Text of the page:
The eyes of the world have been on the dramatic and inspiring mine rescue in Chile.
It has been very gratifying to see the BBC deploying Spanish-speaking reporters able to interview the miners and rescuers in Spanish while translating the questions and answers into English as they do so. Let’s hope that this not only does something to rescue us from our reputation of being unable to speak foreign languages but also demonstrates to today’s young people the value of learning languages.
Not all reporters and not all TV channels managed to get the names right. The name of the second man out was Sepúlveda, Spanish seˈpulβeða, properly anglicized as sɪˈpʊlvɪdə; but I kept hearing him referred to as ˌsepl̩ˈveɪdə. The name Acuña, Spanish aˈkuɲa, got its tilde ignored as it became English əˈkuːnə, and Esteban, Spanish esˈteβan, ehˈteβan, was misstressed as ˈestəbæn.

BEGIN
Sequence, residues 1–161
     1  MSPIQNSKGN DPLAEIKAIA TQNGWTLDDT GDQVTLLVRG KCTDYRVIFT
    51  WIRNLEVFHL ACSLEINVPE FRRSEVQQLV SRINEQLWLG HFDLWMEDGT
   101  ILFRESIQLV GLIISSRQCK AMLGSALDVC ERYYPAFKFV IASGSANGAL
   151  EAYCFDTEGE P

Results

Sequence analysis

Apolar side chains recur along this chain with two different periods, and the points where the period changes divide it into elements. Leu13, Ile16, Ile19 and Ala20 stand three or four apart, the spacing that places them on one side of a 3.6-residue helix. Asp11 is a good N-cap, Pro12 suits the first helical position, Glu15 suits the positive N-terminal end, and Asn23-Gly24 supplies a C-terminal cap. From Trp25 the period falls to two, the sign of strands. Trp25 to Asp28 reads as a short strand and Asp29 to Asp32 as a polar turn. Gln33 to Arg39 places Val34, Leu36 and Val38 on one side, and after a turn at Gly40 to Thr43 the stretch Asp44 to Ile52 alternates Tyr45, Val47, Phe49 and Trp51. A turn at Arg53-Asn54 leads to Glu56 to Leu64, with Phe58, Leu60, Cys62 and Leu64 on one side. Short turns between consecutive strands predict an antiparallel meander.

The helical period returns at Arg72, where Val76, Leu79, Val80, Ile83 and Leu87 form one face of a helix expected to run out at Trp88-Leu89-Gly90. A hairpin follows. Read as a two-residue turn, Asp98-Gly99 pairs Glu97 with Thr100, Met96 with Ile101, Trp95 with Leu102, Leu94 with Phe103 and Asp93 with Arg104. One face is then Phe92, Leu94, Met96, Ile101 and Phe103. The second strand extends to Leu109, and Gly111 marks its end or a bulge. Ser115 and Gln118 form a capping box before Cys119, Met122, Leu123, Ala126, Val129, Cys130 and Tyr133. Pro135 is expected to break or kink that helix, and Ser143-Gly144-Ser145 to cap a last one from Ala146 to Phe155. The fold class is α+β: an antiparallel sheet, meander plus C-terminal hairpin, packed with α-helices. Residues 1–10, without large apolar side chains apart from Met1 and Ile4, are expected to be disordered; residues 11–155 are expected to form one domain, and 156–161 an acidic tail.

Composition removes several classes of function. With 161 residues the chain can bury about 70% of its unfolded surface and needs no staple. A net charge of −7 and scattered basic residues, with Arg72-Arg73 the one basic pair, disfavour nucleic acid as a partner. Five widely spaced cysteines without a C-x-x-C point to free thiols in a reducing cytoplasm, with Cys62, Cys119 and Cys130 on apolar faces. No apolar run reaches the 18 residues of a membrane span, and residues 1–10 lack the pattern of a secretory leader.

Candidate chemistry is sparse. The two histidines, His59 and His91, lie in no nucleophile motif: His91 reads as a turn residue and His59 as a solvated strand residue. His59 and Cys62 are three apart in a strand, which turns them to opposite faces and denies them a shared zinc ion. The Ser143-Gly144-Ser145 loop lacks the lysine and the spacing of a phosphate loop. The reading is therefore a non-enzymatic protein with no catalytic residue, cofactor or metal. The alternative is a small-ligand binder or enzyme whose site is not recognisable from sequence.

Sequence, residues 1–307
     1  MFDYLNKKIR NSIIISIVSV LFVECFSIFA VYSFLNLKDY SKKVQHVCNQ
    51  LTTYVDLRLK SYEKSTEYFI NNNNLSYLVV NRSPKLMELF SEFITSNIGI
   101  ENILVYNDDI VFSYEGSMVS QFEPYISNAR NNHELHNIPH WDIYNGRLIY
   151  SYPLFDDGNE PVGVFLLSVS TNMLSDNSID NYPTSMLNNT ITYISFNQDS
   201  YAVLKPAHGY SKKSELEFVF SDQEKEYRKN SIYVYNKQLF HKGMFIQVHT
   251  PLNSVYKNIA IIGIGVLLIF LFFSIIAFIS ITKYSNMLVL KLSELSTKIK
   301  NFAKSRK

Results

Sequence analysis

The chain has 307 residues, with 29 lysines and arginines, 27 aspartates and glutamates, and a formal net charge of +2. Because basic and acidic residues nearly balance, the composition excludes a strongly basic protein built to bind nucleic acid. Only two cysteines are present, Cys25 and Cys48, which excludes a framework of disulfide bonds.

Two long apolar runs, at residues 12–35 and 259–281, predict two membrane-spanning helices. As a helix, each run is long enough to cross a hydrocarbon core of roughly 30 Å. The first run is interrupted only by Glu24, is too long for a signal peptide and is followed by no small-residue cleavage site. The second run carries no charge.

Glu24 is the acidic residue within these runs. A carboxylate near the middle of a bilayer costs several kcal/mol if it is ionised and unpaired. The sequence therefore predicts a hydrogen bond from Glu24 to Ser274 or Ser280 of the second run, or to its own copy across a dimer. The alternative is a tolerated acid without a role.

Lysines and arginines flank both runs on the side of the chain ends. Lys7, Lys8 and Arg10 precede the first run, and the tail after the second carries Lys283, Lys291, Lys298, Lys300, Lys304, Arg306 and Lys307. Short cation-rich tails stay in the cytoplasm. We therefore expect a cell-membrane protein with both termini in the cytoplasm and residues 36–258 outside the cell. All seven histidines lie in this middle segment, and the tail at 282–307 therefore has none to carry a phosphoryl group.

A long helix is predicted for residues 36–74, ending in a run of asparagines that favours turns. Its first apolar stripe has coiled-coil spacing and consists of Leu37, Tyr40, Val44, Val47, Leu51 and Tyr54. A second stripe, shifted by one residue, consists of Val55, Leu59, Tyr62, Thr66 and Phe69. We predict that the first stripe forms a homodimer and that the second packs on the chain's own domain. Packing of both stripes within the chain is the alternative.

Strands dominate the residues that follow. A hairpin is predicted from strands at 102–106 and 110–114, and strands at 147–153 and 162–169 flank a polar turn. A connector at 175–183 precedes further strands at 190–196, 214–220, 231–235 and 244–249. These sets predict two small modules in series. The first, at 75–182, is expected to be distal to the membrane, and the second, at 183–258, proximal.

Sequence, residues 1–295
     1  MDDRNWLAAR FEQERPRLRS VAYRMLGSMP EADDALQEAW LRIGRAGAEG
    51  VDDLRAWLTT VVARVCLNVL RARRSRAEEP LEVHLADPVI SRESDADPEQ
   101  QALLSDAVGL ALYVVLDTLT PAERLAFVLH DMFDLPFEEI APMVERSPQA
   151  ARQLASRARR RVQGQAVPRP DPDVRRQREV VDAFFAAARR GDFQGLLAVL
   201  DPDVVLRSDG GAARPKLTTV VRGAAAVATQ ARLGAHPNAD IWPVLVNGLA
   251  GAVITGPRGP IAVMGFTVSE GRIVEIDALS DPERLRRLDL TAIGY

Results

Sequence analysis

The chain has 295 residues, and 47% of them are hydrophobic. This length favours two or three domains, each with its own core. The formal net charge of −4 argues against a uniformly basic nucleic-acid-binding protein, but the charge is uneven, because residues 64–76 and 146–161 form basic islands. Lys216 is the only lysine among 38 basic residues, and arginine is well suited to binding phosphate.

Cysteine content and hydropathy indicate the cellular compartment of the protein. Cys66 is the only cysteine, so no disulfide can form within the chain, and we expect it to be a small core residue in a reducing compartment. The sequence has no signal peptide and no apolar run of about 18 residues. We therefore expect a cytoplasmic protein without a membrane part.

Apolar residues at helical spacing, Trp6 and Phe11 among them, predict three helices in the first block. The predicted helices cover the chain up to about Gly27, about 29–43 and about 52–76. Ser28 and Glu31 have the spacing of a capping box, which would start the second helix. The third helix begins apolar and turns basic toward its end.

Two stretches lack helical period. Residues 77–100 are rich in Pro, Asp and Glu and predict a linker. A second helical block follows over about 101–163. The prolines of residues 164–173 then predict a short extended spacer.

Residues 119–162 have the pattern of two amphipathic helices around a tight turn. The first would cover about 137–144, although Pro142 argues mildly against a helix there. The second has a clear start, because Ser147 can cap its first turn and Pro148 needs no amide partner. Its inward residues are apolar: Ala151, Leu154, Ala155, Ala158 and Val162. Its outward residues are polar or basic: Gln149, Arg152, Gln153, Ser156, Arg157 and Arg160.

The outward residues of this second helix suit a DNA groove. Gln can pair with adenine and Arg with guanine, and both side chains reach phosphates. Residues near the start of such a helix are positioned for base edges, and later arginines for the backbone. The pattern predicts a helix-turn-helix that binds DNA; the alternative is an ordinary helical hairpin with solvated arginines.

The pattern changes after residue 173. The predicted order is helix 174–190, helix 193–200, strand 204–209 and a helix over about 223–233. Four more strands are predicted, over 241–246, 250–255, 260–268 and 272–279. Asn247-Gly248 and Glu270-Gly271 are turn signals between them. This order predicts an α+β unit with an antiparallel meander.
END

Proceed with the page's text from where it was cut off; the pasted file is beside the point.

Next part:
There is also an issue with the name of the country. The traditional English pronunciation of Chile is ˈtʃɪli, homophonous with chilly and chil(l)i (pepper). That was the only pronunciation known to Daniel Jones for BrE and to Kenyon and Knott (1944) for AmE. But in Spanish it’s ˈtʃile, and in recent years the revised anglicization ˈtʃɪleɪ has come increasingly into use, at least in AmE. That was how President Obama pronounced it in his message of support.
And what about the corresponding adjective? Traditionally Chilean has always been ˈtʃɪliən. But now some people have started saying tʃɪˈleɪən. I’m not sure why this should be: no other words in -ean are treated in that way (think of Shakespearean and c(a)esarean on the one hand, European on the other hand, and variable Caribbean on both). Spanish chileño offers no support.